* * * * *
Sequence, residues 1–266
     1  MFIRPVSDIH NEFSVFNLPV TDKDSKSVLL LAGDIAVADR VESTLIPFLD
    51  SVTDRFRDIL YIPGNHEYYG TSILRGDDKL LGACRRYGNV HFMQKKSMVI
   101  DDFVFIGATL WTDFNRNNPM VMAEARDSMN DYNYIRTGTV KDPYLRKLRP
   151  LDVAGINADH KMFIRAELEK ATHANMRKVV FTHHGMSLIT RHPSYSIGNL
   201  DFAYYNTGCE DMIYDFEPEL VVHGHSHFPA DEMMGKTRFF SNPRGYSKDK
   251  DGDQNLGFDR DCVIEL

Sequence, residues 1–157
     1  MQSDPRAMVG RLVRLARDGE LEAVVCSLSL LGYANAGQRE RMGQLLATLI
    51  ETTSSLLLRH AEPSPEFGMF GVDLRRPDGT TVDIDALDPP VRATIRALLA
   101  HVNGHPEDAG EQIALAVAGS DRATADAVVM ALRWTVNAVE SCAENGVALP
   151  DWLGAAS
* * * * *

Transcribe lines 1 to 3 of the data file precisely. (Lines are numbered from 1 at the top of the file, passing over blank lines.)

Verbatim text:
Sequence, residues 1–266
     1  MFIRPVSDIH NEFSVFNLPV TDKDSKSVLL LAGDIAVADR VESTLIPFLD
    51  SVTDRFRDIL YIPGNHEYYG TSILRGDDKL LGACRRYGNV HFMQKKSMVI